If the Colts were to not sign any more free agents and sign their projected draft class (without any significant trades), they would walk into free agency next season with approximately $165M. If we use the 110M figure that was listed before, then that leaves the Colts with 55M next year and that does not include next year’s draft class. It’s not to say the Colts are tight on cap space, they aren’t by any means, but if they intend to keep their own, then it will cost them a lot of money next year.

If we assume next year’s draft class accounts for 10M in cap hits, and it costs 110M to retain all the high-end and mid-tier free agents on the Colts, then that leaves the Colts with 45M left over for next year. That is a lot of money, but it doesn’t mean they can overpay on players like Trey Flowers and Dee Ford. The value-signing approach that Ballard has done over the past few seasons still needs to be in place as big money that’s wasted could come back to haunt the team in a couple of seasons.

Over the first few days of free agency, we saw a lot of big players get massive deals. By most measures, the biggest free agency signings were overpaid. It doesn’t mean they were bad signings, but the amount of money they received exceeded their market value. If they don’t perform as expected, then those signings aren’t only bad on paper, but they have a stranglehold on a team’s cap situation for years to come. Ndamukong Suh’s deal with the Dolphins is a perfect example, as they are still paying Suh and are still taking in 12M in dead cap hit because of his release.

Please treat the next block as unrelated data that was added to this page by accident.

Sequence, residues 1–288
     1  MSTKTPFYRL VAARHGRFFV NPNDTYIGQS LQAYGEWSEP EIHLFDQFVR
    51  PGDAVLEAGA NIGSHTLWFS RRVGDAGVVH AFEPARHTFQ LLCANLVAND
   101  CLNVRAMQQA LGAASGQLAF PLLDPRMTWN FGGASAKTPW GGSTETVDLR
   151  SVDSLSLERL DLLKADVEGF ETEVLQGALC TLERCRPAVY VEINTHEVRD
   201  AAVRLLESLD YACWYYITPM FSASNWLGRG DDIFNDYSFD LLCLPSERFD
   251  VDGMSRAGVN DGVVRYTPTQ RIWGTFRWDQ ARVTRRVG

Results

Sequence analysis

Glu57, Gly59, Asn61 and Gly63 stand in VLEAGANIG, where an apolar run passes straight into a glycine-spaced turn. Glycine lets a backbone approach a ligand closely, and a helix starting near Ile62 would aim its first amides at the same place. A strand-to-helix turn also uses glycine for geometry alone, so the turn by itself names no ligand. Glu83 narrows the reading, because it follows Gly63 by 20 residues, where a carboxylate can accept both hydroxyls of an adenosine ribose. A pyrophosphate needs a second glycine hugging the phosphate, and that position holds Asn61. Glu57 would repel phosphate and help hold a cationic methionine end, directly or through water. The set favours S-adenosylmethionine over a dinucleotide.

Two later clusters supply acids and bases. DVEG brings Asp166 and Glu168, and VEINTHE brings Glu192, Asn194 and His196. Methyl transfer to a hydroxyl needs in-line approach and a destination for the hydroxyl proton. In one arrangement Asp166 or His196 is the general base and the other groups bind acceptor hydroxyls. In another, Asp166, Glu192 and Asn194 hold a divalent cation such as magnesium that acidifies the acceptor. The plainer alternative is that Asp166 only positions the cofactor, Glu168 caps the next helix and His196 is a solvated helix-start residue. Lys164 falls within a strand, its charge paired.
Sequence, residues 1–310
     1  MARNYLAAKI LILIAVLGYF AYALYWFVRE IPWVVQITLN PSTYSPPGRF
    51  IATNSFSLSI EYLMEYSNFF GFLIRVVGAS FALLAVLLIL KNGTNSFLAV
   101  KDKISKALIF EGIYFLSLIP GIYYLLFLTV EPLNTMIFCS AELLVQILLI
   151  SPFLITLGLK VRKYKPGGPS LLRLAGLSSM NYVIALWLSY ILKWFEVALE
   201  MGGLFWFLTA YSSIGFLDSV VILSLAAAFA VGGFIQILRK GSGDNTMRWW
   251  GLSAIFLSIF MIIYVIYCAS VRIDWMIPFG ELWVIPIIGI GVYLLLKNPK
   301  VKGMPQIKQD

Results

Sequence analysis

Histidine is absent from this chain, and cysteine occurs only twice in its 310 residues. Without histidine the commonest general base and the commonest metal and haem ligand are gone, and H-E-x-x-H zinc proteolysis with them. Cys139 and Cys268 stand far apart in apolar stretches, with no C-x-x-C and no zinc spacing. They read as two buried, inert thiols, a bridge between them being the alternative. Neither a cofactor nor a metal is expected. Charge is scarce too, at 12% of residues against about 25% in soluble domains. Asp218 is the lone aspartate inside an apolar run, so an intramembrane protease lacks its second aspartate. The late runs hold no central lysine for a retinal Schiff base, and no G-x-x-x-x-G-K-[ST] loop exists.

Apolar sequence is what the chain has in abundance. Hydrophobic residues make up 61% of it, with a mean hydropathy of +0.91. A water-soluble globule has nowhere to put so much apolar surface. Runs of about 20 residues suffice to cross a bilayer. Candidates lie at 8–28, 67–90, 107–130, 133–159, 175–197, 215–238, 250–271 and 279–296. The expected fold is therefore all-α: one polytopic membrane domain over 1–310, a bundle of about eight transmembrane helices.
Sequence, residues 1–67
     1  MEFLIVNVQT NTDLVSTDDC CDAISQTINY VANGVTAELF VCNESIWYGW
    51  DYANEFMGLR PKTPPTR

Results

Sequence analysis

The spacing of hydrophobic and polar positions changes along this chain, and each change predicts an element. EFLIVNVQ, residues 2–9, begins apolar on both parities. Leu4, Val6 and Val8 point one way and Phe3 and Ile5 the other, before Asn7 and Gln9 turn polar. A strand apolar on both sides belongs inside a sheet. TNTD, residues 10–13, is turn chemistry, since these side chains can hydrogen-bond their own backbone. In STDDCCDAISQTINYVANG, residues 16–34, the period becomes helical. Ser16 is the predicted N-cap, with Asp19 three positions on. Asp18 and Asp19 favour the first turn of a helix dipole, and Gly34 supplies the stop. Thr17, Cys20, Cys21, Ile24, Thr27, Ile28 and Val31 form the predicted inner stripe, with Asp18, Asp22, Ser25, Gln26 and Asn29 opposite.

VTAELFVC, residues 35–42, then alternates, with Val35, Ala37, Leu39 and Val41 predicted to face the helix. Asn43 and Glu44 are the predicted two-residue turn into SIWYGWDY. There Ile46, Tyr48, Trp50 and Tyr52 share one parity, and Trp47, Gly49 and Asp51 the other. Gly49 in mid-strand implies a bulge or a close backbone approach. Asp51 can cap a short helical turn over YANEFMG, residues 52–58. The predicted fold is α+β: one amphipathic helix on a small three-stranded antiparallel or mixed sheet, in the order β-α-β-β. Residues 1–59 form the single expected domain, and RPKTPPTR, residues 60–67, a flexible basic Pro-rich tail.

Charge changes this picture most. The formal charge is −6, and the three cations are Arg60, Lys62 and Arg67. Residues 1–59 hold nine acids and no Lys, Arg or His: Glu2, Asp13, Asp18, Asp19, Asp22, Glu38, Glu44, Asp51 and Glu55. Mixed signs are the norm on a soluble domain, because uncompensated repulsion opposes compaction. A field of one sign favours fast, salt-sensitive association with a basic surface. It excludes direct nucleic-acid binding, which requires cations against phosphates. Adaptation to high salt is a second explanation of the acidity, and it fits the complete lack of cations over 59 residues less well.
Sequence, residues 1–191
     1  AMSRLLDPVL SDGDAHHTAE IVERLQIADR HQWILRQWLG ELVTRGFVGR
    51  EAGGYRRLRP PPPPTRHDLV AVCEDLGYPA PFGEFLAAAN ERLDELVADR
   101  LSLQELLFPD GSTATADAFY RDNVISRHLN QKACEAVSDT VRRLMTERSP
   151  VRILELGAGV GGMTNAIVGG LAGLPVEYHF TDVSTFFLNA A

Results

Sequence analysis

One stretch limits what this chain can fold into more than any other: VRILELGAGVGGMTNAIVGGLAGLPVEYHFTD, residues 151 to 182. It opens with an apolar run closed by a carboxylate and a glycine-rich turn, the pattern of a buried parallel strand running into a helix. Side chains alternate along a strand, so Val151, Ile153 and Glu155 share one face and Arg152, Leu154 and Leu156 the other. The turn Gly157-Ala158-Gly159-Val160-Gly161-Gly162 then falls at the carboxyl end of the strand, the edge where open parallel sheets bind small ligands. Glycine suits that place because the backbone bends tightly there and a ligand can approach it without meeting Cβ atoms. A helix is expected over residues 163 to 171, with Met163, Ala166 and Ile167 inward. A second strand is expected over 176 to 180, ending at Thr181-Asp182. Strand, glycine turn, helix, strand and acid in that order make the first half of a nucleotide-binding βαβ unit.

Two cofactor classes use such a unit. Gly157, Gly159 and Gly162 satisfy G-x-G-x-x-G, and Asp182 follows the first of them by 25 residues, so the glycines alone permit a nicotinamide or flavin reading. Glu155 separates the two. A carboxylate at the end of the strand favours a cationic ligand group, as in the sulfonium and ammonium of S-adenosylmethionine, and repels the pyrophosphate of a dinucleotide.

Free agency is less than a week old, and as the second week approaches, we should see more contracts where the players receive deals more indicative of their market value. I still don’t expect Chris Ballard to start burning through paper, but we should see the Colts make a couple more signings when this “second session” approaches.

The Colts also have TY Hilton as a free agent in 2021, so saving as much money as possible over the next few years is crucial.

This isn’t about defending or bashing Ballard; when you get a patient general manager who is very hesitant to throw big money around in the first place and add in the fact that the Colts have a bunch of big free agents next season, the fact that he has been quiet this offseason shouldn’t be surprising.

The one minor issue that will arise is the 89% threshold that each team must reach when spending money. The rule works that over a 4-year period, a team must spend 89% of their total salary cap. The rule states that from 2017 to 2020, the Colts must spend 89% of their salary cap in cash. The Colts have not reached that point yet, and still have another offseason to reach it. However, if they don’t reach 89%, the penalty isn’t severe as they must distribute the difference (between 89% and whatever they actually spent) amongst their own players and potentially lose a minor draft pick. With the amount of free agents next season, there’s a good chance that the Colts reach 89% in next year’s offseason alone.

When managing a salary cap, a general manager must have a long-term approach. Anyone can sign players in a given season, but poor spending always catches up to you. It’s become obvious that Chris Ballard has a long-term approach to the salary cap and spending money.